Heads up, Uber drivers: You better watch your speed, because the app-based car service has a new way to verify that you're driving safely.
Uber has been running a pilot program that uses smartphone data to verify rider feedback and catch potentially dangerous drivers. The company already asks passengers to rate their drivers after each ride — and vice versa — and talks to both parties if the rating is low. The only problem with this feedback method: people sometimes lie.
Now, if you complain that a driver accelerated too fast or broke too hard, the company can review that trip using data from the driver's smartphone sensors.
"Gyrometers in phones can measure small movements, while GPS and accelerometers show how often a vehicle starts and stops, as well as its overall speed," the company explained. "If the feedback is accurate, then we can get in touch with the driver. And if it's not, we could use the information to make sure a driver's rating isn't affected."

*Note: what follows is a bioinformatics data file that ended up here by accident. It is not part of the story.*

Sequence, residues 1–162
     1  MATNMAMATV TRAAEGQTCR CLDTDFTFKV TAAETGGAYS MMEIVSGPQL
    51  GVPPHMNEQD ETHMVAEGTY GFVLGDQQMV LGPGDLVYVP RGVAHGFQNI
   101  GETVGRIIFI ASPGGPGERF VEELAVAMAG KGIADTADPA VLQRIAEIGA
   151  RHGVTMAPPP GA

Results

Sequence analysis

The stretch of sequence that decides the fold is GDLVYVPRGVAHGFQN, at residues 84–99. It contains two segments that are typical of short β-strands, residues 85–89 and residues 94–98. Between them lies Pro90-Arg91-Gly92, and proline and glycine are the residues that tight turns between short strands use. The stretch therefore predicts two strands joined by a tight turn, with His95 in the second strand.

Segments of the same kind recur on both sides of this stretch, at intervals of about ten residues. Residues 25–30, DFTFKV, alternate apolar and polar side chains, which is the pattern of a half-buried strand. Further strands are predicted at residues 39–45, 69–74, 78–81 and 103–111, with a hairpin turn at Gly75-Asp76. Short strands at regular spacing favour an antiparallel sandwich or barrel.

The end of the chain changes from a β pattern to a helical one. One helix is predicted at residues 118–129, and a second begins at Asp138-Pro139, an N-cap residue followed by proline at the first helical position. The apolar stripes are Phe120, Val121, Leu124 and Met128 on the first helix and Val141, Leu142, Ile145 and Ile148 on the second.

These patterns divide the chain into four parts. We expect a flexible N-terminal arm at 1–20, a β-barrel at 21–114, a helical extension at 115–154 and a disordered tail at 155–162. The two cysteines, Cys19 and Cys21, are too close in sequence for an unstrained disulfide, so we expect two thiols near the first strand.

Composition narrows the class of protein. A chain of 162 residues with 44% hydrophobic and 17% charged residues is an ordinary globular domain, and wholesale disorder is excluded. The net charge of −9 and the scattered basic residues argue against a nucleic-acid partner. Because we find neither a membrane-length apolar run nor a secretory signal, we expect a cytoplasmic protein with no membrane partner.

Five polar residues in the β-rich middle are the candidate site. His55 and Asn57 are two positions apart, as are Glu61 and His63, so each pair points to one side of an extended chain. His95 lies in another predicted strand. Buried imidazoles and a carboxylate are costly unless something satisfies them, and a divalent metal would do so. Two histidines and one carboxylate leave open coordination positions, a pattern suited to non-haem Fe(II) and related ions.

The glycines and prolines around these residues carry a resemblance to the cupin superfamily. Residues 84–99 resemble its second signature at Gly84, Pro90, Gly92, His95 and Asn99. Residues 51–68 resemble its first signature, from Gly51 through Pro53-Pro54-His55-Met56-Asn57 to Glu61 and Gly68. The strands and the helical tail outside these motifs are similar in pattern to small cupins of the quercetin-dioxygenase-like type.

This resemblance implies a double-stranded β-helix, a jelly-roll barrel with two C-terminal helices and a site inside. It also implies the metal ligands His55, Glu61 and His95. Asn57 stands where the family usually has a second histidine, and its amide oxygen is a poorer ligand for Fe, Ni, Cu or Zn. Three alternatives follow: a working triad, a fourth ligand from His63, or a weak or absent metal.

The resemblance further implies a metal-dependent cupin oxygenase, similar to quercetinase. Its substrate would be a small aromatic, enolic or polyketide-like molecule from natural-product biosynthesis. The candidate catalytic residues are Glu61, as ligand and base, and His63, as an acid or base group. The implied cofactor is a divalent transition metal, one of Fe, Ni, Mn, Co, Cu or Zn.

The company said that it also hopes to use this technology to proactively improve safety in the future. If, for instance, the gyrometer data shows that a driver is constantly moving his or her phone around, the company may offer them a mount to fix the problem.
"Or we could use technology to determine that the average South Florida Uber driver goes 50MPH and takes 50 minutes to drive from Miami to Fort Lauderdale," Uber said. "For drivers who go much faster on that stretch, we can ask them to curb their enthusiasm."